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Court sides with racinos in tax dispute with state

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A federal bankruptcy court has sided with two Indiana racinos in a dispute over their tax burdens, a ruling that could reduce the total amount they pay into state coffers by as much as $30 million per year.

In his ruling Wednesday in U.S. bankruptcy court in Delaware, Judge Brendan Linehan Shannon agreed with Indiana Live’s attorneys that the state is unfairly taxing the Shelbyville racetrack and casino on money it doesn’t get to keep. Hoosier Park, the state’s other racino in Anderson that recently emerged from bankruptcy, joined in the case in August and also will reap the benefit of the ruling.

Indiana Live, which is in the midst of Chapter 11 bankruptcy reorganization, appealed to the court in late July to consider whether the Indiana Department of Revenue is correctly interpreting state tax law.

The racinos have to set aside 15 percent of their revenue in horse-industry trust accounts that go toward purse money and care for older horses. Some of the money also goes toward tobacco cessation and, if it exceeds a state-mandated cap, a portion goes back to the state’s general fund. The racinos have been paying taxes on that portion of their revenue — a policy Indiana Live contends is unfair.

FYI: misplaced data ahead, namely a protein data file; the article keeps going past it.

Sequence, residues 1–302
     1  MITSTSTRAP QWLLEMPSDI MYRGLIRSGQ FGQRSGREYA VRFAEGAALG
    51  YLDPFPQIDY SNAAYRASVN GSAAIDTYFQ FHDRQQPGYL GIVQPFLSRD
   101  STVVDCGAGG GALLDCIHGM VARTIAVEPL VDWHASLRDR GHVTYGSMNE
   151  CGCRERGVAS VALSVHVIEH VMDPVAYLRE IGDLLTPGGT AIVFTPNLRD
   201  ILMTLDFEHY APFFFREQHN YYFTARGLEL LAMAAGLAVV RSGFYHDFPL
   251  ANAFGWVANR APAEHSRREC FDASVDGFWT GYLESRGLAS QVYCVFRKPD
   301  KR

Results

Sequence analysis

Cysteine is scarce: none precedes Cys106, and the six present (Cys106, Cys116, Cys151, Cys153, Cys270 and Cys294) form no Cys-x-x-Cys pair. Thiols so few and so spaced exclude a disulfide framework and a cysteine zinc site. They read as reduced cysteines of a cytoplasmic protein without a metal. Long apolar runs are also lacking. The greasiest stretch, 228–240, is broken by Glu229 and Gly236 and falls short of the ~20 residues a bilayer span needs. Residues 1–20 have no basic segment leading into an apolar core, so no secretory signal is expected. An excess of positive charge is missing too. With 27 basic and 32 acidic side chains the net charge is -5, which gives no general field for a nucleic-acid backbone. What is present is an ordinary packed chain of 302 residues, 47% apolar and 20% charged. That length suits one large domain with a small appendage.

In a 27-page ruling, Shannon argued that Indiana Live is not subject to taxation on that 15 percent because the racino is a “mere conduit” and does not control the money.

“The debtor merely collects the funds and passes them along, and thus they are not included in the debtor’s income,” Shannon wrote. “Because the Graduated Tax is measured by the debtor’s income, the [15 percent] cannot be included in that tax.”

In its initial appeal to the court, Indiana Live attorneys projected that it could save it about $15 million annually in taxes, a figure that would be doubled if applied to both racinos.

“We are pleased with the court’s decision and are gratified that the correct legal result was reached,” David Suess, a Bose, McKinney & Evans attorney representing Indiana Live, wrote in an email.

It’s not clear whether the state will appeal the decision. An Indiana Department of Revenue spokesman said staffers would review the ruling Thursday.
 

This story originally ran in the Oct. 27, 2011, IBJ Daily, a sister publication to Indiana Lawyer.

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